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  1.  18
    Neoliberalism: A Bibliographic Review.William Davies - 2014 - Theory, Culture and Society 31 (7-8):309-317.
    In recent years, there has been a surge in critical and historical work, dedicated to uncovering the roots of neoliberal thinking. In the process, the concept of ‘neoliberalism’ has become used in a far more nuanced way, contrary to the frequent allegation that it is merely a pejorative slogan used against capitalism generally. This bibliographic review identifies the texts that have mapped out this more sophisticated account of neoliberalism, and which distinguish between its different varieties and trajectories. In particular, the (...)
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  2.  19
    Elite Power under Advanced Neoliberalism.William Davies - 2017 - Theory, Culture and Society 34 (5-6):227-250.
    The financial crisis, and associated scandals, created a sense of a juridical deficit with regard to the financial sector. Forms of independent judgement within the sector appeared compromised, while judgement over the sector seemed unattainable. Elites, in the classical Millsian sense of those taking tacitly coordinated ‘big decisions’ over the rest of the public, seemed absent. This article argues that the eradication of jurisdictional elites is an effect of neoliberalism, as articulated most coherently by Hayek. It characterizes the neoliberal project (...)
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  3.  4
    The Revenge of Sovereignty on Government? The Release of Neoliberal Politics from Economics Post-2008.William Davies - forthcoming - Theory, Culture and Society:026327642199945.
    Liberal government, as analysed by Foucault, is a project of measured, utilitarian political activity, that takes ‘population’ as its object, dating back to the late 17th century. The rise of nationalism, authoritarianism and populism directly challenges this project, by seeking to re-introduce excessive, gratuitous and performative modes of power back into liberal societies. This article examines the relationship and tensions between government and sovereignty, so as to make sense of this apparent ‘revenge of sovereignty on government’. It argues that neoliberalism (...)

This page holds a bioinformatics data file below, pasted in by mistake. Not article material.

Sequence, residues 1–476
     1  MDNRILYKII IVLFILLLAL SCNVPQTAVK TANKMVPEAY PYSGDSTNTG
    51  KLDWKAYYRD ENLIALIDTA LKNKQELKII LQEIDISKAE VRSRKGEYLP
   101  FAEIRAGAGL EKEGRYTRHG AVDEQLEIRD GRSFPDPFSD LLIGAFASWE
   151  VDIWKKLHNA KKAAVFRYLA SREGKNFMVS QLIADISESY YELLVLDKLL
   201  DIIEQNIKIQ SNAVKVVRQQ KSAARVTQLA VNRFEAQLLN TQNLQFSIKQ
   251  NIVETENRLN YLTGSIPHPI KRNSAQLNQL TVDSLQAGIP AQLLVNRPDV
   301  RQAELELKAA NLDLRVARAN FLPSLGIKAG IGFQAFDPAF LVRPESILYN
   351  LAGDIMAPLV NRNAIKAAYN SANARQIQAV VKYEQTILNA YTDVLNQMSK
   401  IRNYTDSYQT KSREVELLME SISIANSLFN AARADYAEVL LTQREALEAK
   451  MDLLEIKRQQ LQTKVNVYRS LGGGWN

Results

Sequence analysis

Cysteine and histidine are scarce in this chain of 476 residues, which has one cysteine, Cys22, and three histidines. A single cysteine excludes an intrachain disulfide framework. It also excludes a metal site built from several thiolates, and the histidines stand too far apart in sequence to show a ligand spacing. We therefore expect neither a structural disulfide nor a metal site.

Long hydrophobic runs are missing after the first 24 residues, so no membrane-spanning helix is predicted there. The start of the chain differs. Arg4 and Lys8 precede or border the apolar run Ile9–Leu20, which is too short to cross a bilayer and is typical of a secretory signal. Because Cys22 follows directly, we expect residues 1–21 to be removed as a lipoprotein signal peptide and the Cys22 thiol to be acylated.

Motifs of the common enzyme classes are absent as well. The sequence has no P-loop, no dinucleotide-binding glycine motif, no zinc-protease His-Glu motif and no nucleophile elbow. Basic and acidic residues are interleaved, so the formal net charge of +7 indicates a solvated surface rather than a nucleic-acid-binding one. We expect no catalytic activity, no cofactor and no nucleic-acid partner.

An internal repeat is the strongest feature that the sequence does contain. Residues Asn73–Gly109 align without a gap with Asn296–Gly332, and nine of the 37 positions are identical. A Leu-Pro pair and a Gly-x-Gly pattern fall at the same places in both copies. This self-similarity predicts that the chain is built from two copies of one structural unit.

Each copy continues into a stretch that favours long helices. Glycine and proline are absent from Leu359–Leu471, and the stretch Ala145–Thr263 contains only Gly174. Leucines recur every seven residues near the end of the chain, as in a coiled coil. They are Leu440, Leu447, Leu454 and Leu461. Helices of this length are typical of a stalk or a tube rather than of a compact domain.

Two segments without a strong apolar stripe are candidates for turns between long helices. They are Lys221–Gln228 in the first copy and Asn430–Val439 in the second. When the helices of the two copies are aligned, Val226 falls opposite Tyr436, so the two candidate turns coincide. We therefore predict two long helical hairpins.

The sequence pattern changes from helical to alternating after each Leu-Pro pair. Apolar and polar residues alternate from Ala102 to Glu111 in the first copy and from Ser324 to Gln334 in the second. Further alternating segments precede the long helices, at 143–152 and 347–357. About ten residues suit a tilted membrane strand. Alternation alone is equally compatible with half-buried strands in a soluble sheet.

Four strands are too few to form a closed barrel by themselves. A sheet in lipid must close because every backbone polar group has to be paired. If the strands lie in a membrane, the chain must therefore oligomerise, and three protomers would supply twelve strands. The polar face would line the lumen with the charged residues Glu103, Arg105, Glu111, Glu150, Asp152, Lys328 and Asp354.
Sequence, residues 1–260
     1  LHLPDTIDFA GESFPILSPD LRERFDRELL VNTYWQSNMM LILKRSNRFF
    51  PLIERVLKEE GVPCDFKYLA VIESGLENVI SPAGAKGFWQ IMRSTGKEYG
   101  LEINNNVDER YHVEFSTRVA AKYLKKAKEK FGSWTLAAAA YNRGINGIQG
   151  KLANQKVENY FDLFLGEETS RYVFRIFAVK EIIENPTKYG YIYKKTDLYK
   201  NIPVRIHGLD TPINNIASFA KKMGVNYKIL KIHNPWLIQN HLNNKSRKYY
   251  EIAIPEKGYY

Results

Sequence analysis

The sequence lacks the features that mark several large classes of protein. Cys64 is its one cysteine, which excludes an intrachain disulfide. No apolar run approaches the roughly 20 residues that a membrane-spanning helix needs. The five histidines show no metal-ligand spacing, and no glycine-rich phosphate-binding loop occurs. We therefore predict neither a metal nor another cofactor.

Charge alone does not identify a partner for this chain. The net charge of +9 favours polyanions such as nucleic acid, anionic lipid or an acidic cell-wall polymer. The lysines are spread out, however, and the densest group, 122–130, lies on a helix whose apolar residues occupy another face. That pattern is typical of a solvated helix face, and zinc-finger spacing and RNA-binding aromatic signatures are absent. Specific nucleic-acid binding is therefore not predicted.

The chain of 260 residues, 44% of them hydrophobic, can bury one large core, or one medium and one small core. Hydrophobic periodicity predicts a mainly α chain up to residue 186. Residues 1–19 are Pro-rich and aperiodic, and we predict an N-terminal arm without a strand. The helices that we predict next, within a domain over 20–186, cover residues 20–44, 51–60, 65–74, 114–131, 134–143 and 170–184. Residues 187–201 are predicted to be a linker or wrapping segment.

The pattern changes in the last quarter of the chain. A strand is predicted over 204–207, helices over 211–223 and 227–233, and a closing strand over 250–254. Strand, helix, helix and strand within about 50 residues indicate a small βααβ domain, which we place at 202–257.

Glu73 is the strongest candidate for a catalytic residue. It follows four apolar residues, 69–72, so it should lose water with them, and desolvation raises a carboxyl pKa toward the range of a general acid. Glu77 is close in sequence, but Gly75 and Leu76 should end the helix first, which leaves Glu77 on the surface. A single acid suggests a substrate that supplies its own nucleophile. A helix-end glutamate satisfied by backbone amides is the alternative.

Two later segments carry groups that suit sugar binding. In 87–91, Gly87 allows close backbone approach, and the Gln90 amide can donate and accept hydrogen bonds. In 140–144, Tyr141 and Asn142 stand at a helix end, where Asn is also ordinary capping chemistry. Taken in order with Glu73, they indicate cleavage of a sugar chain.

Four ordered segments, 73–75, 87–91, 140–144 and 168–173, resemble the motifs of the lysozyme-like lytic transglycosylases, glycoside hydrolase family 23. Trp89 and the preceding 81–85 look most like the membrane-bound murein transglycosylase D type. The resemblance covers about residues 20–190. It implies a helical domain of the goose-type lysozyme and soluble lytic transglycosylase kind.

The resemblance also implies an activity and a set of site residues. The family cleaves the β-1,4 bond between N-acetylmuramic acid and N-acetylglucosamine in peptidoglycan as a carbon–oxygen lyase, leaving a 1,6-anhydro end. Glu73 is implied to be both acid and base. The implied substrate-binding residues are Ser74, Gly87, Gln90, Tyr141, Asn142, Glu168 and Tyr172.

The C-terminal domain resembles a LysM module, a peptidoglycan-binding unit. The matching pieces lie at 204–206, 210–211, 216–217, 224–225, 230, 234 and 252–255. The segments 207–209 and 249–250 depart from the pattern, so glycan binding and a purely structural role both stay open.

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  4.  19
    Sound Categories: Category Formation and Evidence-Based Taxonomies.Oliver Bones, Trevor J. Cox & William J. Davies - 2018 - Frontiers in Psychology 9.
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  5.  7
    The political economy of pulse : Techno-somatic rhythm and real-time data.William Davies - forthcoming - Rhuthmos.
    This article has already been published, under Creative Commons Attribution-NonCommercial-NoDerivs 3.0 Unported License in Ephemera – Theory & Politics in Organization, 2019 volume 19 : p. 513-536. We thank William Davies for the permission to republish it here. abstract : In the context of ubiquitous data capture and the politics of control, there is growing individual and managerial interest in ‘pulse', both in the literal sense of arterial pulse - Rythmes des corps – Nouvel article.
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  6.  4
    The return of social government: From ‘socialist calculation’ to ‘social analytics’.William Davies - 2015 - European Journal of Social Theory 18 (4):431-450.
    In recent years, there has been a panoply of new forms of ‘social’ government, as manifest in ‘social enterprise’ and ‘social media’. This follows an era of neoliberalism in which social logics were apparently being eliminated, through the expansion of economic rationalities. To understand this, the article explores the critique of the very notion of the ‘social’, as manifest in neoliberal contributions to the socialist calculation debate from the 1920s onwards. Understood as a zone lying between market and state, the (...)
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  7.  14
    X‐linked imprinting: effects on brain and behaviour.William Davies, Anthony R. Isles, Paul S. Burgoyne & Lawrence S. Wilkinson - 2006 - Bioessays 28 (1):35-44.
    Imprinted genes are monoallelically expressed in a parent‐of‐origin‐dependent manner and can affect brain and behavioural phenotypes. The X chromosome is enriched for genes affecting neurodevelopment and is donated asymmetrically to male and female progeny. Hence, X‐linked imprinted genes could potentially influence sexually dimorphic neurobiology. Consequently, investigations into such loci may provide new insights into the biological basis of behavioural differences between the sexes and into why men and women show different vulnerabilities to certain mental disorders. In this review, we summarise (...)
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  8.  25
    A Response to Nicholas Gane’s ‘The Emergence of Neoliberalism’.William Davies - 2014 - Theory, Culture and Society 31 (7-8):299-302.
    This commentary responds to Nicholas Gane’s article on the early history of neoliberalism. Gane contends that many histories, Foucault’s in particular, do not account for the very earliest period of neoliberal thought, during the 1920s, which was dominated by Ludwig von Mises. Gane also argues that by ignoring this period, critical scholars have misidentified the critical distantiation from John Stuart Mill that was definitive for early neoliberalism. In response to Gane, this piece argues, partly in defence of Foucault, that the (...)
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  9.  19
    When Is a Market Not a Market?: ‘Exemption’, ‘Externality’ and ‘Exception’ in the Case of European State Aid Rules.William Davies - 2013 - Theory, Culture and Society 30 (2):32-59.